7. Put up a “Do not disturb” sign when you absolutely have to get work done.
    8. Practice not answering the phone just because it’s ringing and e-mails just because they show up. Disconnect instant messaging. Don’t instantly give people your attention unless it’s absolutely crucial in your business to offer an immediate human response. Instead, schedule a time to answer email and return phone calls.
    9. Block out other distractions like Facebook and other forms of social media unless you use these tools to generate business.
    10. Remember that it’s impossible to get everything done. Also remember that odds are good that 20 percent of your thoughts, conversations and activities produce 80 percent of your results.”

[found on http://www.entrepreneur.com/article/219553]

Trouble Your Readers Effectively

“The Inciting Incident as a Trigger

The inciting incident is the crucial event—the trouble—that sets the whole story in motion. It triggers the initial surface problem and starts to slowly expose the protagonist’s story-worthy problem. Now, the protagonist won’t fully realize the extent of his story-worthy problem in the opening scene, so the initial surface problem has to be so compelling that it forces him to take immediate action. The protagonist’s understanding of his story-worthy problem, then, will grow clearer to him as a direct result of what he goes through in his journey to resolve it.
Also keep in mind that each of the protagonist’s attempts to resolve the initial and subsequent surface problems must end in failure. There can be partial victories, but once an action ends in success, the story is effectively over. Success, in this case, means that all the problems are resolved. That cannot happen until the final scene of the story.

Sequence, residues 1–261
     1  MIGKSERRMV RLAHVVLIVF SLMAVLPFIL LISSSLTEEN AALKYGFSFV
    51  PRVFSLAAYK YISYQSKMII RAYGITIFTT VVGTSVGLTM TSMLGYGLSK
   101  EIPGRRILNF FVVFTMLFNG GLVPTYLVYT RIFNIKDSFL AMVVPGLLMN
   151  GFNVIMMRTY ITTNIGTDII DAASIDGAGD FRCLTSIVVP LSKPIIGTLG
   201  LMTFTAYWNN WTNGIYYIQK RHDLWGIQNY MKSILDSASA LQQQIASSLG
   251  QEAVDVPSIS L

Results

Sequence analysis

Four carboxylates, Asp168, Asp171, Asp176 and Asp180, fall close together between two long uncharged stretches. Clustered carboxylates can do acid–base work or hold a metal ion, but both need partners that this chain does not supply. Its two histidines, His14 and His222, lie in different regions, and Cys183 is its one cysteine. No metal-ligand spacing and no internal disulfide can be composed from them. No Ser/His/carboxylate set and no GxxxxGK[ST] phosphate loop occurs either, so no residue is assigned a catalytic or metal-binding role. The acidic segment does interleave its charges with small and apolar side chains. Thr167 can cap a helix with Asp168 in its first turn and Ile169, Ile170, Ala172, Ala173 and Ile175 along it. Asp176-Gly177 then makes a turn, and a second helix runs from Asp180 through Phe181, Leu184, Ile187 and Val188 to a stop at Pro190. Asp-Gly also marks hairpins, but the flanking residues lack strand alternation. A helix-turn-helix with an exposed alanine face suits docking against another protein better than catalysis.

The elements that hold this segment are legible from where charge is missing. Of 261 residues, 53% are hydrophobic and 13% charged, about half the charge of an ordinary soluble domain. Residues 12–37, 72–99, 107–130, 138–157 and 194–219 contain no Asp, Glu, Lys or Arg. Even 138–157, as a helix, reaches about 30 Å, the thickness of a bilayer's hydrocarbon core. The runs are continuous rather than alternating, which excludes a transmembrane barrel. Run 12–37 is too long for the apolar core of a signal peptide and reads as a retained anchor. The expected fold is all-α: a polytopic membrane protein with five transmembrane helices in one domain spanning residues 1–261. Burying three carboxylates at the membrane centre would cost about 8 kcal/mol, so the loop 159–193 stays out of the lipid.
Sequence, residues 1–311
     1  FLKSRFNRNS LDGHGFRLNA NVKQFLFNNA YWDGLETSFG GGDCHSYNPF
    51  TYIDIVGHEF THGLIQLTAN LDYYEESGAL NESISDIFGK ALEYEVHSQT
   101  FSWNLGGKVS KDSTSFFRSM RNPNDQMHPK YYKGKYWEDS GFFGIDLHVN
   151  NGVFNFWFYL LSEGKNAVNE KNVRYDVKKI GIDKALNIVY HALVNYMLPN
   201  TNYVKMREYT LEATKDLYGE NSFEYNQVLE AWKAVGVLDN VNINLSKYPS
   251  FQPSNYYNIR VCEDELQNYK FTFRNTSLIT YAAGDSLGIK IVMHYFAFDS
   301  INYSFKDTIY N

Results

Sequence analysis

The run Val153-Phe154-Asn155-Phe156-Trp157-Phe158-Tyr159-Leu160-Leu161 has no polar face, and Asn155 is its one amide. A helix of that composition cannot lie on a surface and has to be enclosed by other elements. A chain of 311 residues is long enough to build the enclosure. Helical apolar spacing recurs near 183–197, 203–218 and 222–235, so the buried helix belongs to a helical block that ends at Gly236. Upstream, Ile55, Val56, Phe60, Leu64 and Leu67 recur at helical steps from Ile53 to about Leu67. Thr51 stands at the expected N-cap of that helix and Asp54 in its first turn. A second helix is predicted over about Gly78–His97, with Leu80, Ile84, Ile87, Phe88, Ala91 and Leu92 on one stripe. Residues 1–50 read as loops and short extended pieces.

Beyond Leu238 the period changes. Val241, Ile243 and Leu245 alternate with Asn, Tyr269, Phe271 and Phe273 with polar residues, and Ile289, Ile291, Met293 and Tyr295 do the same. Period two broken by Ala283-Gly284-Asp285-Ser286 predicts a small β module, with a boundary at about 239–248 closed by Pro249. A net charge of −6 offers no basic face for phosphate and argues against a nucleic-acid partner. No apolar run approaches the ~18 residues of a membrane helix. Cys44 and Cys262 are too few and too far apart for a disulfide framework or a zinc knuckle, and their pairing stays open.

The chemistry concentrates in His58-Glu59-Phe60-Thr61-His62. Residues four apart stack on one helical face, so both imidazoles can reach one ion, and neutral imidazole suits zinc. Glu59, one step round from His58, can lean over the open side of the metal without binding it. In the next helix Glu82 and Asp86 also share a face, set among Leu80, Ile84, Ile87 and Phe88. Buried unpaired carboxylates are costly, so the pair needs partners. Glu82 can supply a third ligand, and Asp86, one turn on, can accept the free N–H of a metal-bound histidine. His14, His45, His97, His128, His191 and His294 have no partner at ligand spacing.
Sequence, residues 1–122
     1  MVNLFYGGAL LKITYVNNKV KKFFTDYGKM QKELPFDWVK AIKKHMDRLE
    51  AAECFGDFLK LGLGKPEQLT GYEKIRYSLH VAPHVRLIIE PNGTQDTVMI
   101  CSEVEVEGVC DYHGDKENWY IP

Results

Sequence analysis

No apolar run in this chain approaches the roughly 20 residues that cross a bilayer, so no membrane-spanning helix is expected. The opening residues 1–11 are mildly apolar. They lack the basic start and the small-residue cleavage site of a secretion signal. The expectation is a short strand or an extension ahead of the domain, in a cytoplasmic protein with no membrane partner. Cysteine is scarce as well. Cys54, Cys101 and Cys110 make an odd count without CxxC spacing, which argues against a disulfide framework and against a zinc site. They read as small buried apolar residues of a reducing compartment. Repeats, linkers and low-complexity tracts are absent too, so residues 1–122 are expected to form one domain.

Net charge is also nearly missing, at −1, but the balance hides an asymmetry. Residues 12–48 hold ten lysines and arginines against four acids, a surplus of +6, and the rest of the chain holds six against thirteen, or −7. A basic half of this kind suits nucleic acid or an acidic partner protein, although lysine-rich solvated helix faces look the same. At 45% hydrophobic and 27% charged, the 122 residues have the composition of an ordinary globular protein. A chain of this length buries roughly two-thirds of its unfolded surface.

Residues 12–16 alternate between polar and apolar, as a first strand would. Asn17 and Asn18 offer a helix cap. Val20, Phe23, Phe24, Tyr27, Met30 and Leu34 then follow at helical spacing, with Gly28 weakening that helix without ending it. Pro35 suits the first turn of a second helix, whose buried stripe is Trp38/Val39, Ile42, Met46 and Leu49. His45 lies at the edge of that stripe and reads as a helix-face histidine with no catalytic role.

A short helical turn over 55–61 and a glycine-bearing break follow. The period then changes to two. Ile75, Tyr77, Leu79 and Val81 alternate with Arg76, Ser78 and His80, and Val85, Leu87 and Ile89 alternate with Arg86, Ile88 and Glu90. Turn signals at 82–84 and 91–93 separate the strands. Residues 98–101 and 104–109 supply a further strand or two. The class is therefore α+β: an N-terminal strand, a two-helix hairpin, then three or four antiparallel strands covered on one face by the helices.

So, if we were to broadly outline the shape of a publishable story—the inciting incident and all its intertwined surface and story-worthy problems—it would look something like this:
    • The inciting incident creates the character’s initial surface problem and introduces the first inklings of the story-worthy problem.
    • The protagonist takes steps to resolve the initial surface problem.
    • The outcome of the major action the protagonist takes to resolve the initial surface problem is revealed, triggering a new surface problem. The scope of the protagonist’s story-worthy problem continues to unfold.
    • The outcome of the major action the protagonist takes to resolve the additional surface problem is revealed, and yet another surface problem is created. The story-worthy problem continues to become more apparent to the protagonist, as well as to the reader.
    • Another outcome is revealed, and more surface problems are created. The story-worthy problem continues to become clearer.
    • All lingering surface problems are resolved, and the story-worthy problem is fully realized. The resolution of the story-worthy problem is represented by both a win and a loss for the protagonist…..”
-found on http://www.writersdigest.com/editor-blogs/there-are-no-rules/write-fiction-that-grabs-readers-from-page-one